I found the Autumn, which is available in an English-style straight stock or pistol grip stock, to be a damn fine gun for the money. It is built on a monolithic action forged from solid steel, which is held together by a sturdy four-lug lockup system. And when you couple the detail of the checkered stock and fore-end, scroll work on the receiver, and the precision with which the Autumn was built, I think that you get more than what you’re paying for in this gun. That is not always the case in a break-action production shotgun.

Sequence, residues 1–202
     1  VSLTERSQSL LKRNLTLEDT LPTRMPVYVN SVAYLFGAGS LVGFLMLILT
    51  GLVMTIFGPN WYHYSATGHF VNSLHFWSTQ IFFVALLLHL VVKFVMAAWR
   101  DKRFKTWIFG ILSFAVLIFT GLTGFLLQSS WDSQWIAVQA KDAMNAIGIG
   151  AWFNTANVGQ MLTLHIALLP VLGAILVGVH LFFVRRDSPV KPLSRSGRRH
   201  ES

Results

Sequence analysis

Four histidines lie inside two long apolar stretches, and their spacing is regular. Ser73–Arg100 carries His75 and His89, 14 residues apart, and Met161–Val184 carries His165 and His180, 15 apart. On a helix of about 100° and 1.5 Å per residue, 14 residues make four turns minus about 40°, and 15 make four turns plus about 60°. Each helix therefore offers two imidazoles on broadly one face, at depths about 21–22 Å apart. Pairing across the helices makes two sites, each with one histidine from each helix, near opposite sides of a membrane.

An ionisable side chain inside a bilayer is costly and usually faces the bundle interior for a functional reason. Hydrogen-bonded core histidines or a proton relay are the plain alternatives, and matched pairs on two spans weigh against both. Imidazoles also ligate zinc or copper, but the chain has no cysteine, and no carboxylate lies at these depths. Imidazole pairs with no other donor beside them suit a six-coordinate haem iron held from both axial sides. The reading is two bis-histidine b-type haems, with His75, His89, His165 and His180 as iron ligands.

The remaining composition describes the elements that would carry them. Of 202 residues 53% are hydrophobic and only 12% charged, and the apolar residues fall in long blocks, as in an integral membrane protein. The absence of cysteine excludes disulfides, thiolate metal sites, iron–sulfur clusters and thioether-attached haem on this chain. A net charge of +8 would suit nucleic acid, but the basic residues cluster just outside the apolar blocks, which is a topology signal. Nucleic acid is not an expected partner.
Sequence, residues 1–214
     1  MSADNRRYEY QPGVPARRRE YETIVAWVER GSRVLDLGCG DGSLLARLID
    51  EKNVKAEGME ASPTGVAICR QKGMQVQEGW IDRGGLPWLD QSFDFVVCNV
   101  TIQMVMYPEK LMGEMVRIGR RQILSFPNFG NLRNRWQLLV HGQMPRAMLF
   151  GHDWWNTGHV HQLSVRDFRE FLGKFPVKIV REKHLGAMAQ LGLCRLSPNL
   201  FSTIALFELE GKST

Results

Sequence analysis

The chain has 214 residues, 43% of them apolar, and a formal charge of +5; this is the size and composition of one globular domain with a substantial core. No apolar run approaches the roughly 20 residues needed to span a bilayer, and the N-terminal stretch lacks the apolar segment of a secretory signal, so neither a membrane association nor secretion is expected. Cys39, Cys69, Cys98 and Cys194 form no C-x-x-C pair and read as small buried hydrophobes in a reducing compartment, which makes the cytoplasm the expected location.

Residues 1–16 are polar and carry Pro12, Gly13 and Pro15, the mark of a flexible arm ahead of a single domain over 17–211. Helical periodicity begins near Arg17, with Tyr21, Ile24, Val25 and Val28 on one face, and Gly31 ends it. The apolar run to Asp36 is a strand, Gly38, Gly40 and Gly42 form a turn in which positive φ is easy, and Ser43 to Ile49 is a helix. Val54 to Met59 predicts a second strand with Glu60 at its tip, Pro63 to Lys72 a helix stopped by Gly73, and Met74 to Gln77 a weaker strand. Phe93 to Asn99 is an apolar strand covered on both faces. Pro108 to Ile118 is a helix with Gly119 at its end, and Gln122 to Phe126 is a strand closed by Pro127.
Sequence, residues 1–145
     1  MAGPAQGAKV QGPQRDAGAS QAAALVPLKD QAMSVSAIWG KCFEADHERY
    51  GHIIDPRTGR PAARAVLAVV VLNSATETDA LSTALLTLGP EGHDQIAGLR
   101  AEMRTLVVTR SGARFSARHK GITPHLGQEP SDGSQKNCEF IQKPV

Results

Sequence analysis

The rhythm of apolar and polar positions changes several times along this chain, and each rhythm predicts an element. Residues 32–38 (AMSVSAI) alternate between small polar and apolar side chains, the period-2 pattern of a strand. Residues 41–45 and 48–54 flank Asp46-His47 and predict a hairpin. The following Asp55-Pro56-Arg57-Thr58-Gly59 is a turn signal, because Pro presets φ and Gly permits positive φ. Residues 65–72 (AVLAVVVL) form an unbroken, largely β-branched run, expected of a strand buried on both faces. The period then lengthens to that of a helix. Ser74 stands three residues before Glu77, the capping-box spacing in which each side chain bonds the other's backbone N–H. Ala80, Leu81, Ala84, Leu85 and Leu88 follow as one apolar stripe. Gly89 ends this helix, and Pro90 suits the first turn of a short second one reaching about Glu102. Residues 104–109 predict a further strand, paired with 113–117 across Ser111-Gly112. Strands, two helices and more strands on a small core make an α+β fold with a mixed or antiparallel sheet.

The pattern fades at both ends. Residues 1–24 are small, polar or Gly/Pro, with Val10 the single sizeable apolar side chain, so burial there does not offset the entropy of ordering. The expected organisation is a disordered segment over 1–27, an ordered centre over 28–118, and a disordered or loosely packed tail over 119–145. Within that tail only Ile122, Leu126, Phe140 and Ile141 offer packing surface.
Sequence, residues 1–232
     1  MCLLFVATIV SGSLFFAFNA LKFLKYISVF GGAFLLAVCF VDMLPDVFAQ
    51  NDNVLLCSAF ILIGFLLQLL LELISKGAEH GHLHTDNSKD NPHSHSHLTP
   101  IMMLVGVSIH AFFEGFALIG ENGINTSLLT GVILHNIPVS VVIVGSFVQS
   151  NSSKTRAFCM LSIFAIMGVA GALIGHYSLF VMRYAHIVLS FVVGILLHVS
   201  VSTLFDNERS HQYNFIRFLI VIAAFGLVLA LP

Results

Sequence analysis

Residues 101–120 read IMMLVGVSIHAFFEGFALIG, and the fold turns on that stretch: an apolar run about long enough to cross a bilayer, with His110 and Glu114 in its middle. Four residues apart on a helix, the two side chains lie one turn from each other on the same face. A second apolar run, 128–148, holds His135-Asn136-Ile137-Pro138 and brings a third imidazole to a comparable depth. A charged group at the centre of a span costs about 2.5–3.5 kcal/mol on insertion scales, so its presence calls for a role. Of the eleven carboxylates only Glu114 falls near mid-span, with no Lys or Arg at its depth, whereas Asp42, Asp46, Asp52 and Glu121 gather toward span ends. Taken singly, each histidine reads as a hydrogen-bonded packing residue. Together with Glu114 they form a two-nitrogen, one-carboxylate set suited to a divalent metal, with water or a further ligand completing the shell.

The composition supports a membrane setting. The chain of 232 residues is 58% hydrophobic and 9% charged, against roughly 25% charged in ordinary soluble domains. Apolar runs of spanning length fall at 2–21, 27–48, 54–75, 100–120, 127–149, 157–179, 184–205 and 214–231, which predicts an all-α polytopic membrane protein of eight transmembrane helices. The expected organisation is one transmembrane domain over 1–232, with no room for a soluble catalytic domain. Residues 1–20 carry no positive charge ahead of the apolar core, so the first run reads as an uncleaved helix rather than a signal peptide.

Fit and Feel of the Autumn
The first thing I noticed about this 3-inch 20-gauge was its weight. It’s only a 6-pound gun (that will vary a bit with wood density) but if feels very solid. To find the balance of the shotgun, I held the Autumn with one hand just forward of the trigger group and it tipped slightly forward. And I found that when I shot the gun, there was more weight towards the front of the 20-gauge, which I consider a good thing. More weight forward helps shooters continue to swing through birds and clay targets, especially with lighter guns that can be difficult to keep moving through the target.
A Classic Design Calls for Light Loads